The expression for the RMO function derived in equation 20 is based on a linearization, and thus when the perturbations in velocity parameters are large it is not as accurate as it is when the perturbations are small (e.g. ). Figure illustrates this fact by showing a similar experiment as the one shown in Figure , but with a perturbation 10 times larger; that is, with .As in Figure , the four panels correspond to four rock types: a) Isotropic, b) Taylor Sand, c) Mesa Clay Shale, and d) GreenLight River Shale, and the lines superimposed onto the images are the RMO functions computed by using the correct values for (solid lines), and by using in place of (dashed lines). With large perturbations, the predicted RMO functions differ from the actual RMO functions at wide aperture angles even when the correct values of the group angles are used in equation 20. However, even with such large perturbations the predicted RMO functions are still useful approximations of the actual RMO functions. In particular, it can be observed that the predicted RMO function correctly approximates the differences in shape of the actual RMO function among the rock types. These shape variations are related to the variations in shape of the wavefronts, which are reflected in the predicted RMO function through the variations in the mapping from phase angles to group angles.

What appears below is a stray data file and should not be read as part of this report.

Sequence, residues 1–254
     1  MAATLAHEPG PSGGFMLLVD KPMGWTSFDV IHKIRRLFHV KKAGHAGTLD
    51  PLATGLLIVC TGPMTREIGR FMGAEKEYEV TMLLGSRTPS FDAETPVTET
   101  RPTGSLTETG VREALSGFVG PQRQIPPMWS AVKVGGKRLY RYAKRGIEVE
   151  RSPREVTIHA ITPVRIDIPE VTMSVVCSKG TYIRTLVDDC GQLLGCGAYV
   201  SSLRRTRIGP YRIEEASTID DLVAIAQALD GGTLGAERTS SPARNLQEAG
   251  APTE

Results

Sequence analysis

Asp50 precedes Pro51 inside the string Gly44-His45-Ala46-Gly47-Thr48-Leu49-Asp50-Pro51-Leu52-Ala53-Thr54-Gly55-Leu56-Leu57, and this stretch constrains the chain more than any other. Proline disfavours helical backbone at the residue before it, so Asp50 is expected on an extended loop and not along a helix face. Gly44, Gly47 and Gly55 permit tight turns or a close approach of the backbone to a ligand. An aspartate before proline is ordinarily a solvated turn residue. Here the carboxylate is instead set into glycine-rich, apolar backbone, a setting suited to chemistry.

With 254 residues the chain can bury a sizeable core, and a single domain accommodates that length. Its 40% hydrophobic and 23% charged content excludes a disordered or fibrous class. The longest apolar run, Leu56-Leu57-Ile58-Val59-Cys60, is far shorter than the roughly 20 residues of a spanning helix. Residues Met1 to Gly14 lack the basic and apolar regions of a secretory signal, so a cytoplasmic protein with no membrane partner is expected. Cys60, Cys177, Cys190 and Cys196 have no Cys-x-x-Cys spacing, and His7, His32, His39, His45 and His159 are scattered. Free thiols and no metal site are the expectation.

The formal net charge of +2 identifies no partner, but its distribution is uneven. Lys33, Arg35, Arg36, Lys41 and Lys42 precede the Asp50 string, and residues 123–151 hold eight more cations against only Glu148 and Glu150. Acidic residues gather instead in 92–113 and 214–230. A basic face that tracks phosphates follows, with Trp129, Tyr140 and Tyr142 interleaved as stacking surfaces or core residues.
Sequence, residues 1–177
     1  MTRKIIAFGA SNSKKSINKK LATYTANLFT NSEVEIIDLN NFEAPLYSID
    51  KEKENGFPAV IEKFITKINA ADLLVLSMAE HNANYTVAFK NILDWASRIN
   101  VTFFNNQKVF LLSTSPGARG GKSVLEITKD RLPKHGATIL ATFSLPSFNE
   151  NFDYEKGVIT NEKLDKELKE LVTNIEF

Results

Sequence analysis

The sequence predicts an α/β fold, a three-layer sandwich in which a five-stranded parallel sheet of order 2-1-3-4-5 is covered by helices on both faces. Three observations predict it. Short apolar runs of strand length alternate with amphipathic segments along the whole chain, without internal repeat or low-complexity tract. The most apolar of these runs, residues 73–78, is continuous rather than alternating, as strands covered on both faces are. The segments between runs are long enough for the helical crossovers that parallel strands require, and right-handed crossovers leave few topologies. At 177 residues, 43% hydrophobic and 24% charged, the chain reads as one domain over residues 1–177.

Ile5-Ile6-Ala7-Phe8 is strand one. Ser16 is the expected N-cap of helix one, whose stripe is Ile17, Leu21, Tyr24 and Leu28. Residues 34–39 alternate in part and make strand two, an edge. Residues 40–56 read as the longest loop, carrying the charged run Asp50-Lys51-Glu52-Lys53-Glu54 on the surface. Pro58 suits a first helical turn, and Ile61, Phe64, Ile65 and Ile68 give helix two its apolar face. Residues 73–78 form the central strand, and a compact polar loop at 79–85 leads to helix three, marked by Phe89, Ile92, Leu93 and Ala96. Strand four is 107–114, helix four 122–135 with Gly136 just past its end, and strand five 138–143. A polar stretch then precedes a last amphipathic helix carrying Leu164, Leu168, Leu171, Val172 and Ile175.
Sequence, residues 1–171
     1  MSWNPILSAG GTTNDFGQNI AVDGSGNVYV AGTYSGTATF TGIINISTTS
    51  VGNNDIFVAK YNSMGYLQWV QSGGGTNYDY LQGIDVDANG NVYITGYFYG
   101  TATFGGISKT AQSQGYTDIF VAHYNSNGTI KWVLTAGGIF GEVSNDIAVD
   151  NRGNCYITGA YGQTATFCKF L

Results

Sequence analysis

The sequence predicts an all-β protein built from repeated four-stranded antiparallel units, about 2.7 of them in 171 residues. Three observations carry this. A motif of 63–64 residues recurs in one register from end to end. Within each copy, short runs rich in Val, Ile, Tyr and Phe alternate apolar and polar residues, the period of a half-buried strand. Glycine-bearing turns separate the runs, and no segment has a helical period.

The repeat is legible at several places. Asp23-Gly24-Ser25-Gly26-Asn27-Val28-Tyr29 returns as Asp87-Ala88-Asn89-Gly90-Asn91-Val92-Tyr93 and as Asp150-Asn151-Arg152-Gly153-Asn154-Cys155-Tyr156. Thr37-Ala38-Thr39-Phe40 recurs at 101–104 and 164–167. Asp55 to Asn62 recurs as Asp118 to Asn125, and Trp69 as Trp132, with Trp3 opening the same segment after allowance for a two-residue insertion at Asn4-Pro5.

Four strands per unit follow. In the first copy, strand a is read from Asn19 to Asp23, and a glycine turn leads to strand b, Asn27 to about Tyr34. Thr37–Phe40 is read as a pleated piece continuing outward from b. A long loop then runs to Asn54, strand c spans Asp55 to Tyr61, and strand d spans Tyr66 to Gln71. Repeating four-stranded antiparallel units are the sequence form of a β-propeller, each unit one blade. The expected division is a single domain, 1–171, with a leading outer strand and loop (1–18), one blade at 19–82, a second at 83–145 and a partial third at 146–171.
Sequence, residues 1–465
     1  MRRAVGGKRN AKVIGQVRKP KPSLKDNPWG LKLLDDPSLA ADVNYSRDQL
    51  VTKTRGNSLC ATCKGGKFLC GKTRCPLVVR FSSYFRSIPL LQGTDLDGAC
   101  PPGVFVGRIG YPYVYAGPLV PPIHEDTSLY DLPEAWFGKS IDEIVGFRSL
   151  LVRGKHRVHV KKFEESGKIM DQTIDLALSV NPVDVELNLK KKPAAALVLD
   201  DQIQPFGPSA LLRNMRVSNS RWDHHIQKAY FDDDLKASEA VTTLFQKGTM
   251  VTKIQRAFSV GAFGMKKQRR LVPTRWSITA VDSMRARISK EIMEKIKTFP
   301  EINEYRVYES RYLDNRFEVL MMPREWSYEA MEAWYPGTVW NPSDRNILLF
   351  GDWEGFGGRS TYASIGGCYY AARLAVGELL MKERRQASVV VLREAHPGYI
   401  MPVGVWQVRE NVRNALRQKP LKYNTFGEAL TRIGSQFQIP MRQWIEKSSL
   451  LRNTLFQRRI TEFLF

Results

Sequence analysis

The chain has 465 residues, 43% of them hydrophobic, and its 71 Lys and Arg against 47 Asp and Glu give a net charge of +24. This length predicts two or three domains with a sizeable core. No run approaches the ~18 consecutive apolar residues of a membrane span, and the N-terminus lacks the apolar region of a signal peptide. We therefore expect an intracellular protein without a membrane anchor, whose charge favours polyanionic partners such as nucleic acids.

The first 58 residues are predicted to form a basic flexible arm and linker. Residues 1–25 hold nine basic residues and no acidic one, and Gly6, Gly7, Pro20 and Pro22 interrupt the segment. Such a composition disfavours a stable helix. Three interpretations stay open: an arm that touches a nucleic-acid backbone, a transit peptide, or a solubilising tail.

Figures and show examples of the application of the generalized RMO functions expressed in equations 24-26. As in Figures -, I show the ADCIGs for three different anisotropic rock types, but, differently from the previous figures, not for the isotropic case. The order of the rock types is the same as in Figures -; that is: panels a) correspond to Taylor Sand, panels b) to Mesa Clay Shale, and panels c) to GreenLight River Shale. Furthermore, as in Figures -, one figure (Figure ) shows the ADCIG obtained with a smaller perturbation than the ADCIGs shown in the other figure (Figure ). The ADCIGs shown in Figure were obtained by performing isotropic migration on the synthetic data modeled assuming anisotropic velocity. The ADCIGs shown in Figure were computed by scaling by .25 the parameter perturbations used to compute Figure . The lines superimposed onto the images are the RMO functions computed by using the correct values for (solid lines), and by using in place of (dashed lines).